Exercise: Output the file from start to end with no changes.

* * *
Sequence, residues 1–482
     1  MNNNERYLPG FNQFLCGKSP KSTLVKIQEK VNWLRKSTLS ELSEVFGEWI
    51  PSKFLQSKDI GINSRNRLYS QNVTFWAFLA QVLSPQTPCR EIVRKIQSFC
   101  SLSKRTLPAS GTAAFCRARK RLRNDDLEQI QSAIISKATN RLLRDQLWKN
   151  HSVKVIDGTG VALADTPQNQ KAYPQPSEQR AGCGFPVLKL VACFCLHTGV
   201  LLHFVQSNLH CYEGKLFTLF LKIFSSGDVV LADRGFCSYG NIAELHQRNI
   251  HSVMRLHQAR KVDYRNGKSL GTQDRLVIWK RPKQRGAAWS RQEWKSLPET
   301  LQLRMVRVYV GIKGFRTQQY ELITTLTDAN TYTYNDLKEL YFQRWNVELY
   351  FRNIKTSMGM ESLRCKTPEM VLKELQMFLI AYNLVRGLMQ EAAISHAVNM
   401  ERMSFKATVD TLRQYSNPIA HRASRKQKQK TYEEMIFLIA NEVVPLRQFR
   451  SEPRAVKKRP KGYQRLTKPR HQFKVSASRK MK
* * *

Sequence, residues 1–482
     1  MNNNERYLPG FNQFLCGKSP KSTLVKIQEK VNWLRKSTLS ELSEVFGEWI
    51  PSKFLQSKDI GINSRNRLYS QNVTFWAFLA QVLSPQTPCR EIVRKIQSFC
   101  SLSKRTLPAS GTAAFCRARK RLRNDDLEQI QSAIISKATN RLLRDQLWKN
   151  HSVKVIDGTG VALADTPQNQ KAYPQPSEQR AGCGFPVLKL VACFCLHTGV
   201  LLHFVQSNLH CYEGKLFTLF LKIFSSGDVV LADRGFCSYG NIAELHQRNI
   251  HSVMRLHQAR KVDYRNGKSL GTQDRLVIWK RPKQRGAAWS RQEWKSLPET
   301  LQLRMVRVYV GIKGFRTQQY ELITTLTDAN TYTYNDLKEL YFQRWNVELY
   351  FRNIKTSMGM ESLRCKTPEM VLKELQMFLI AYNLVRGLMQ EAAISHAVNM
   401  ERMSFKATVD TLRQYSNPIA HRASRKQKQK TYEEMIFLIA NEVVPLRQFR
   451  SEPRAVKKRP KGYQRLTKPR HQFKVSASRK MK